Variable Phenotypic Expressivity of Specific Copy Number Variants and Single Gene Mutations in Autism and Other Neurodevelopmental Disorders

Friday, May 18, 2012: 10:45 AM
Grand Ballroom East (Sheraton Centre Toronto)
10:15 AM
S. M. Myers1,2, A. Moreno de Luca2, T. D. Challman1, G. S. Gerhard2, D. W. Evans3, P. T. Orr2 and D. H. Ledbetter2, (1)Neurodevelopmental Pediatrics, Geisinger Health System, Danville, PA, (2)Genomic Medicine, Geisinger Health System, Danville, PA, (3)Bucknell University, Lewisburg, PA
Background:  Autism spectrum disorders (ASD), like intellectual disabilities, can be caused by many different highly penetrant genetic abnormalities, including mutations and genomic imbalances.  These variants are individually rare but collectively common; even though no single genetic variant accounts for more than 1-1.5% of ASD, together they currently explain the etiology of approximately 15% of cases.  However, it is also becoming apparent that identical variants may lead to ASD in some individuals and to other neurodevelopmental disorders in other individuals, including members of the same family. 

Objectives:  The objective of this literature review was to examine the variable phenotypic expression of selected DNA copy number variants (CNVs) and single-gene variants that are known to cause autism spectrum disorders (ASD).

Methods:  In a case-control study involving 15,749 cases and 10,118 published controls, the International Standards for Cytogenomic Arrays (ISCA) consortium identified 14 recurrent CNV regions in which pathogenic deletions and/or duplications occur frequently in association with abnormal clinical phenotypes including ASD and developmental delay or intellectual disability (DD/ID) (Kaminsky et al., 2011).  CNVs in 13 of these regions (1q21.1, 3q29, 5q35, 7q11.23, 8p23.1, 15q11.2-q13, 15q13.2-q13.3, 16p11.2, 16p13.11, 17p11.2, 17q12, 17q21.31, and 22q11.2) have been associated with ASD.  We sought to determine how commonly CNVs in these 13 regions have been associated with the following phenotypes in addition to ASD: DD/ID, schizophrenia (SZ), and epilepsy (EP).  We searched the English-language literature pertaining to the 26 distinct recurrent variants (13 deletions and 13 duplications) to determine which of the clinical phenotypes of interest have been associated with each CNV.  In addition to these relatively large CNVs, which contain multiple genes, single gene variants have been implicated in ASD.  To assess whether 6 single gene variants (mutations or CNVs) with robust association with ASD (CNTN4, CNTNAP2, NLGN4X, NRXN1, SHANK2, and SHANK3) have also been implicated in other phenotypes (DD/ID, SZ, EP, and Tourette syndrome [TS]), we again searched the literature.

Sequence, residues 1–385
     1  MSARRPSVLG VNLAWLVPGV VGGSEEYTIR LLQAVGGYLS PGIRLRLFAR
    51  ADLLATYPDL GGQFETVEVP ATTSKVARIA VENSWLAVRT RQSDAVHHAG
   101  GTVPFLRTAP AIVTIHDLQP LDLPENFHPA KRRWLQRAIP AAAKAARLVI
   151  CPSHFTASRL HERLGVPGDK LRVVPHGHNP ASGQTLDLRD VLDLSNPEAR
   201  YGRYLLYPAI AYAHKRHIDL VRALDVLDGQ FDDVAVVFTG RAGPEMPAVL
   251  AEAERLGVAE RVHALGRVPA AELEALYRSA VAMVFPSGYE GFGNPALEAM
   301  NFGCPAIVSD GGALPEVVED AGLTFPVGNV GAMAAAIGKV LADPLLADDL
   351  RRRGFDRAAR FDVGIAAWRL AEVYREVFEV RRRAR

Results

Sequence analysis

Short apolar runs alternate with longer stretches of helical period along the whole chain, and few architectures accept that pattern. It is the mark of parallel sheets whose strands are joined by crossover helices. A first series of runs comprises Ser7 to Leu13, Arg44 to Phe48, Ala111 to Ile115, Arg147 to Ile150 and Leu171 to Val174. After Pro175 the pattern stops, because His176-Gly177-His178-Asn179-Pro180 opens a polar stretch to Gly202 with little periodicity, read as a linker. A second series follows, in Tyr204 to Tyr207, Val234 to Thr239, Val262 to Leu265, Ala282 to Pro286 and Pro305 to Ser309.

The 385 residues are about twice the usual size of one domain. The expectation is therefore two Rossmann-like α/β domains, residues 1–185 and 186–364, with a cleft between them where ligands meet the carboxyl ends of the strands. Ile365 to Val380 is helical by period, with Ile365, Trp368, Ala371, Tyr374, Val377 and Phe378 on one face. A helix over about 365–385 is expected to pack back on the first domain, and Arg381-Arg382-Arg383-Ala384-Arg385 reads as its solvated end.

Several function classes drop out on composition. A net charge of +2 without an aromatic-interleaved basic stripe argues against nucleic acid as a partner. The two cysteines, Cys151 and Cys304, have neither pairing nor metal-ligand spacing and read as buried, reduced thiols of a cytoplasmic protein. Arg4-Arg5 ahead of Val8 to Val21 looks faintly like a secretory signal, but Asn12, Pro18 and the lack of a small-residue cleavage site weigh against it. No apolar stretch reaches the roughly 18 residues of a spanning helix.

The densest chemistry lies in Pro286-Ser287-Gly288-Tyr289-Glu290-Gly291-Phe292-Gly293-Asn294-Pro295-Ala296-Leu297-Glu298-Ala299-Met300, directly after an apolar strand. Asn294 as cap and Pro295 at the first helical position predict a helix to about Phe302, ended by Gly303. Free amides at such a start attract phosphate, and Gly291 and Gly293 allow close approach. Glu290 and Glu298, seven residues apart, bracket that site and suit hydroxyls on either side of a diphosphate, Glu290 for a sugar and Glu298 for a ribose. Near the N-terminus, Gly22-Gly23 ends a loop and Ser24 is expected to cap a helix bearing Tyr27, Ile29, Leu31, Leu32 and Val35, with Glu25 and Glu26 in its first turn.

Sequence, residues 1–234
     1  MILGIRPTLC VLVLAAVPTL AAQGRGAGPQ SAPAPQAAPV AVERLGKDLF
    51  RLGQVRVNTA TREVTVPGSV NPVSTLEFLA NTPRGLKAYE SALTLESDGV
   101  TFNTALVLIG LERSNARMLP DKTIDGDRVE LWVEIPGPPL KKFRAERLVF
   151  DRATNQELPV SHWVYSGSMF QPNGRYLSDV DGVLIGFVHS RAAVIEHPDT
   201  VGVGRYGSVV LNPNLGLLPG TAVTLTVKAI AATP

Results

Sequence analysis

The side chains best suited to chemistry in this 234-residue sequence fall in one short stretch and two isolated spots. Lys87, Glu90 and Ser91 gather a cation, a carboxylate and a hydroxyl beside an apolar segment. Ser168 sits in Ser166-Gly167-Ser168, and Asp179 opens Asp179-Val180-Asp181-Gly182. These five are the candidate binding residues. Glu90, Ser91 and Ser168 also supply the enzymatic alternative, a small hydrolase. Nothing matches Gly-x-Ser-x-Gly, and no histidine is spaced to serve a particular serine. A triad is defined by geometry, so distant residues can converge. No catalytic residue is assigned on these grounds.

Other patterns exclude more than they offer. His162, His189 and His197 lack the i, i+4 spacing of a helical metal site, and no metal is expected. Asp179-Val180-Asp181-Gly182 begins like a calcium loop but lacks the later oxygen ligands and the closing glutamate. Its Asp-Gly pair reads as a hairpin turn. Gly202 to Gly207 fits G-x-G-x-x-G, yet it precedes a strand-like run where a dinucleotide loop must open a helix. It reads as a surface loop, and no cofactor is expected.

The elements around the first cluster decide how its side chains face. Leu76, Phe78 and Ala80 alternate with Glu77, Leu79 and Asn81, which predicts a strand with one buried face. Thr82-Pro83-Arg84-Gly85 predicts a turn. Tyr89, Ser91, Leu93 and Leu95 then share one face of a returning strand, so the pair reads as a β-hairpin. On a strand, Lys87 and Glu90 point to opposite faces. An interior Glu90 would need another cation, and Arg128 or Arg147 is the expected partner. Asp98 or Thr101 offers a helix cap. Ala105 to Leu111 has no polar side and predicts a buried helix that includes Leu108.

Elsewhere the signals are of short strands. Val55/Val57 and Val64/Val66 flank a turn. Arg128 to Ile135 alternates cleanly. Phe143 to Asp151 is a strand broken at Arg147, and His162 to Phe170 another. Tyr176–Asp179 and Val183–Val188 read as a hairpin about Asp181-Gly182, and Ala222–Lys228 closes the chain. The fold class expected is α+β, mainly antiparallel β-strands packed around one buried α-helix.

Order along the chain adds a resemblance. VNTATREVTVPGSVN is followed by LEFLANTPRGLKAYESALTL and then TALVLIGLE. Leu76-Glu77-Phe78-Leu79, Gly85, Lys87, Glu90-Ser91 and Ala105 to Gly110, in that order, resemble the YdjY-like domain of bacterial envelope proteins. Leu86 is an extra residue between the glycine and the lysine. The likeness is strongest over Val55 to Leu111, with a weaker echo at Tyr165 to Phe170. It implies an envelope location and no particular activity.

Results:  All 26 (100%) of the recurrent CNVs examined have been associated with ASD, some more robustly than others.  The vast majority of these ASD-associated CNVs (21/26 = 81%) have also been reported to be associated with at least 2 of the 3 other phenotypes (DD/ID, SZ, and EP), and 9/26 (35%) have been reported to be associated with all 4 phenotypes.  Among the 6 single gene variants examined, 5/6 (83%) were associated with at least 2 of the 4 other phenotypes (DD/ID, SZ, EP, and TS) in addition to ASD.  2/6 (33%) were associated with at least 3 of the 4 other phenotypes in addition to ASD, and one (17%) was associated with all 5 phenotypes. 

Conclusions:  Recurrent CNVs and mutations that cause autism also cause other neurodevelopmental disorders, including intellectual disability, schizophrenia, epilepsy, and Tourette syndrome.  The substantial etiologic overlap among what have been defined clinically as distinct disorders raises questions about diagnostic classification systems and poses challenges and opportunities for future research.  It is possible that identifying the mechanisms that underlie variable expressivity might lead to novel therapeutic interventions. 

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